Gavin Hood felt that there was more than just an Oscar ™ riding on the success of TSOTSI, based on the novel by Athol Fugard and South Africa’s official entry for the 2005 Best Foreign Film Academy Award ™. It’s one of the many things we talked about when I interviewed him on February 10, 2006. Engaging, witty, and ferociously intelligent, Hood also discussed what turned a practicing lawyer into a filmmaker, and why a white man making a film about a black man’s experience in Johannesburg is anything but an oxymoron.
With TSOTSI, Gavin Hood has taken the liberty of updating the timeframe of South African writer Athol Fugard’s only novel. In doing so, the politics of apartheid that spurred the story in the book has given way to the tragedy of AIDS. Changing the circumstances of its title character’s orphaning, though, doesn’t affect the nature of the larger story, that of throwaway children and society’s response to and responsibility for them.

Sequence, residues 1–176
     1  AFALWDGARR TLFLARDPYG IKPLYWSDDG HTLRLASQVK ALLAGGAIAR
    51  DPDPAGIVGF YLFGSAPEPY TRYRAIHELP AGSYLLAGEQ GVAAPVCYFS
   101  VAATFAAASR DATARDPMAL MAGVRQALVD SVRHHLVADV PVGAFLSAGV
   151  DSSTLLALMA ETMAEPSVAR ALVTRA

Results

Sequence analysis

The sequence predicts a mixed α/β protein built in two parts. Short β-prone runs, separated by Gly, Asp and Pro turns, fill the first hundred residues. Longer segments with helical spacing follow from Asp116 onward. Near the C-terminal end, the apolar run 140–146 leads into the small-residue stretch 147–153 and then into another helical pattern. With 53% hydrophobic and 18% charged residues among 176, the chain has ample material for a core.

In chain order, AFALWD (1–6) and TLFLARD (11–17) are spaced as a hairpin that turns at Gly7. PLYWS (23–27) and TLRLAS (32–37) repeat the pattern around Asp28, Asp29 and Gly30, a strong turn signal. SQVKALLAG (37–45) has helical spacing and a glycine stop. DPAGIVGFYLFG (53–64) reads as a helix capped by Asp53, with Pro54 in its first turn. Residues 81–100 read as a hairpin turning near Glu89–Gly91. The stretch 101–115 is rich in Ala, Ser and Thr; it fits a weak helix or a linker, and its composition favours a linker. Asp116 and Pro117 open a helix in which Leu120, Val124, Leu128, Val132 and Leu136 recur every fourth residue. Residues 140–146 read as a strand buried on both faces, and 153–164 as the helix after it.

TSOTSI (Presley Chwenayagae) is a gang leader in one of Johannesburg’s shantytowns. He and his two cronies prowl their neighborhood victimizing those weaker then they are, and pull small-time robberies in the more affluent parts of town. One of these, a carjacking, goes very wrong when the owner of the car refuses to hand it over, continuing to try to stop Tsotsi even after being shot by him. As he speeds away, the reason becomes clear. There’s a baby in the back seat. Instead of ditching the child with the car, he puts it into one of the shopping bags he finds with the baby, and takes it home. And there, in the irony of throwaway child taking responsibility for a child that hasn’t been thrown away, exactly, but inadvertently snatched from its parents, begins Tstoti’s road to redemption.
TSOTSI remains at all times an intensely human story, one that transcends the particulars of its time and its place. It’s also one that is deliberately challenging as it tweaks the audiences sympathies, emotions, and assumptions about the nature of true justice.